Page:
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Old 06-16-2019, 09:19 PM
gmel555 gmel555 is online now
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Default New Innovations That You First Doubted But Now Love

In the past 30-40 years or so there have been several, fairly major technique "innovations" in building guitars. The AGF is full of discussions about whether these are good, bad, or maybe meaningless. Some are considered just marketing efforts to raise prices. Even when something is generally considered an improvement -but with extra cost- there are varyng opinions on whether the extra cost is worth it. I don't want to start yet another thread about whether a specific technique or technology is good or bad, but I do want to ask:

Is/are there certain "recent" changes in guitar making techniques that at first you were absolutely dead-set against, that you thought you'd never want or accept that you NOW have come to totally believe in as a real improvement, and consider a desirable spec?

I'll start. I'm a player for almost 50 years and I'll admit I was wrong on several things:

1) Bolt-on necks. Early on I was convinced a bolt-on could NEVER produce the type of acoustic tone I coveted and that I'd never own one. Now I believe some of the finest sounding instruments available have bolt-ons and the added benefit of easy resets makes this a huge innovation.

2) Catalyzed finishes. I used to be a "nitro-finish only" guy. I viewed catalyzed finishes as coating an instrument in plastic, surely they couldn't sound nearly as good. I admit I was wrong. Not only can catalyzed finishes sound great (as they make them thinner & thinner), but they're more durable than nitro, scratch less easily and seem more resistant to reacting with certain other chemicals/solvents.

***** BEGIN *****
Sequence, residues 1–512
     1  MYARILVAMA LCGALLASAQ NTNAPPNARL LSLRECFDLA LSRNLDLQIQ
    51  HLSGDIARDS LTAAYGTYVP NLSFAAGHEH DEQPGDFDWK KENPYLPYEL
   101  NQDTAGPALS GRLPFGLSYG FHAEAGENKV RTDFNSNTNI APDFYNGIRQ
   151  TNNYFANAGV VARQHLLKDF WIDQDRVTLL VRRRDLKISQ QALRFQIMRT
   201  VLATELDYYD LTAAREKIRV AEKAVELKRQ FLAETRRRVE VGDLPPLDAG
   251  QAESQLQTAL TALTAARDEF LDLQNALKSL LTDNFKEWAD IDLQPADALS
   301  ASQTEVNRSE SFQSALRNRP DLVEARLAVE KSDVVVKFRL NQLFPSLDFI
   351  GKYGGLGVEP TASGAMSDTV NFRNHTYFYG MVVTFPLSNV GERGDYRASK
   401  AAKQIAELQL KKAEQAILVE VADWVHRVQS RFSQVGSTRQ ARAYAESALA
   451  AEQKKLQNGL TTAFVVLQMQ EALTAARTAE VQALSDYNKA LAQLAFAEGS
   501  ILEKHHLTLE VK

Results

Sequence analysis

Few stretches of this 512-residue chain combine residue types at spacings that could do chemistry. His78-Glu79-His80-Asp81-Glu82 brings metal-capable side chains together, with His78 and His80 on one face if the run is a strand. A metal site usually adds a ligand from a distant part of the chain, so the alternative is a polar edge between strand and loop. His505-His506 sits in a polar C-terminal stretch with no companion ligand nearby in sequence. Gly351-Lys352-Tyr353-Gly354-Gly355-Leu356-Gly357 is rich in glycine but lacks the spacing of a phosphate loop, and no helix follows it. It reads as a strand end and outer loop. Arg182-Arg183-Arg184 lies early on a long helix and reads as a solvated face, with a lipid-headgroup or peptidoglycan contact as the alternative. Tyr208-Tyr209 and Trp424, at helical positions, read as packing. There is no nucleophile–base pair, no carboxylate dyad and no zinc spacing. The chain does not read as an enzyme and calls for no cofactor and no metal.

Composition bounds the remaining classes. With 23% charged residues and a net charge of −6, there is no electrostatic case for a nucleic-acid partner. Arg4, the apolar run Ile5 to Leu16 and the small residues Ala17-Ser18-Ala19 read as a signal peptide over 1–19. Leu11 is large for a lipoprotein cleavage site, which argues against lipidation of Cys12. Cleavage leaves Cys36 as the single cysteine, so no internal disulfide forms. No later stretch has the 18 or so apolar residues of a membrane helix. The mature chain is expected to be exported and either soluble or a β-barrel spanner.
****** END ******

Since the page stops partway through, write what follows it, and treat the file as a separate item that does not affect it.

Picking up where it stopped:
Anyone else willing to admit they were wrong?

Last edited by gmel555; 06-16-2019 at 09:32 PM.
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Old 06-16-2019, 09:24 PM
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BT55 BT55 is offline
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A BIG Thumbs Up [emoji106] to bolt on necks!!!
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Old 06-16-2019, 09:41 PM
Tube Sound Tube Sound is offline
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Torrefied guitar top. It was not that I was necessarily a doubter but more skeptical of how good it would sound. It was a "you gotta be kidding me", moment. The guitar was a Yamaha FG-180 50th.
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Old 06-16-2019, 09:52 PM
Rudy4 Rudy4 is offline
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Zero frets.

I don't have any guitars with them, but most of the other instruments I build have them.

Bob Taylor even stated in the Taylor Wood & Steel publication that he thought the were a good idea but did not pursue their use because the majority of Taylor players would not go for a zero fret because it's too far outside of established tradition in the acoustic guitar world.
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Old 06-16-2019, 10:42 PM